Domestic workers

UK immigration rules mean reforms to give domestic workers access to the minimum wage will be difficult to enforce

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Reforms to remove legal exemptions to give live-in domestic workers access to the minimum wage are an important step against the devaluation of this work, but will be difficult to enforce because of UK immigration rules, according to a new study.

People who live and work in private households have been excluded from minimum wage regulations if they live in their employer’s family home and are treated “like a member of the family”, which is part of the wider loopholes the protection of domestic workers in labor law.

The government recently agreed to repeal the exemption, but an expert has warned that domestic workers will continue to face difficulties in enforcing payment of the minimum wage if they do not have permission to work. The research says this creates a “significant hurdle” if they want to pursue their salary demands.

The study, carried out by Dr Natalie Sedacca of the University of Exeter Law School and published open access in the Industrial law reviewargues that domestic workers’ longer hours and difficulties in determining what hours count as “work” lead to abusive employment relationships.

Dr Sedacca said: “The ‘family worker’ exemption and its application to domestic workers devalues ​​domestic work as work done in the home, mainly by women, and leads to it being seen as unskilled work. or even as not working at all. Although not specifically provided for by Parliament, in some cases courts and tribunals have sanctioned the use of the exemption by employers to avoid payment of the minimum wage to domestic workers who are clearly not au pairs.

“It is very positive that the government has finally agreed to repeal the ‘family worker exemption’ in March 2022. Yet there remains a pressing need for further reforms to prevent the law from reinforcing and replicating the devaluation of work domestic.”

The study says the lack of secure immigration status will also prevent domestic workers from making wage claims. Section 34 of the Immigration Act 2016 created an imprisonable offense of ‘unlawful employment’ where a person works knowing or having reasonable grounds to believe they do not have permission to work .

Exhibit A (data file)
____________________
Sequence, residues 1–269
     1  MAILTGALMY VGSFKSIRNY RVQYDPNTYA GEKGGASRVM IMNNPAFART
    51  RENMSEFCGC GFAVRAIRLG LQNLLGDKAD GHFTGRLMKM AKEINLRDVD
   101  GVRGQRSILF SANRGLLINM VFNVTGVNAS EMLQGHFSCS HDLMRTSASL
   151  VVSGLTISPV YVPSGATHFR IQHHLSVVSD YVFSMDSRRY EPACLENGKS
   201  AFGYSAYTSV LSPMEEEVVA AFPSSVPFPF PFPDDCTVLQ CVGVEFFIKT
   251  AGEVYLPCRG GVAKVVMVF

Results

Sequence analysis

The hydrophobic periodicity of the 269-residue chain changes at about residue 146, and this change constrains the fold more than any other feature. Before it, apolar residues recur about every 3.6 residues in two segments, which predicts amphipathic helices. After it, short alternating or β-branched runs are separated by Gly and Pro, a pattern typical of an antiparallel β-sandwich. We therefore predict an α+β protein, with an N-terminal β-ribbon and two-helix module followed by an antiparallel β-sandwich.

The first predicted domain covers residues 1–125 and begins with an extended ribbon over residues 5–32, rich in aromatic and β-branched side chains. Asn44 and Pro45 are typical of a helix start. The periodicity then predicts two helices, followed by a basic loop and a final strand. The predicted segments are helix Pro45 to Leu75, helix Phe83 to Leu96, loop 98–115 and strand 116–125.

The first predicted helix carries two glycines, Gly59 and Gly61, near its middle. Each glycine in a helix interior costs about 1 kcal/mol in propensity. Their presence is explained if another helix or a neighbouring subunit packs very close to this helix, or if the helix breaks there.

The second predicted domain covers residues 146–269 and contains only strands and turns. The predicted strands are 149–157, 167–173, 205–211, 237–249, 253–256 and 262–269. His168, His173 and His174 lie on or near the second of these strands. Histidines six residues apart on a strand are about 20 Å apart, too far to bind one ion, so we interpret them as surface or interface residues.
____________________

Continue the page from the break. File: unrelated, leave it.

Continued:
Dr Sedacca said: “The current situation makes the claims of irregular migrants very uncertain and difficult to present. At the same time, domestic workers are particularly susceptible to falling into irregular status due to the unfavorable visa, which is limited to a six-month period. non-renewable period due to the supposedly “low-skilled” nature of domestic work and the reproductive needs of employers. The impact of the migration regime is to “produce” workers with particular types of relationships with employers and labor markets. in the case of domestic work, it means producing workers who are systematically disadvantaged in the exercise of their rights.”

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More information:
Natalie Sedacca, Domestic workers, the minimum wage exemption for “family workers” and the gendered devaluation of women’s work, Industrial law review (2022). DOI: 10.1093/indlaw/dwac005

Provided by the University of Exeter

Quote: UK immigration rules mean reforms to give domestic workers access to minimum wage will be difficult to enforce (2022, May 3) Retrieved May 3, 2022 from 05-uk-immigration-reforms-domestic-workers.html

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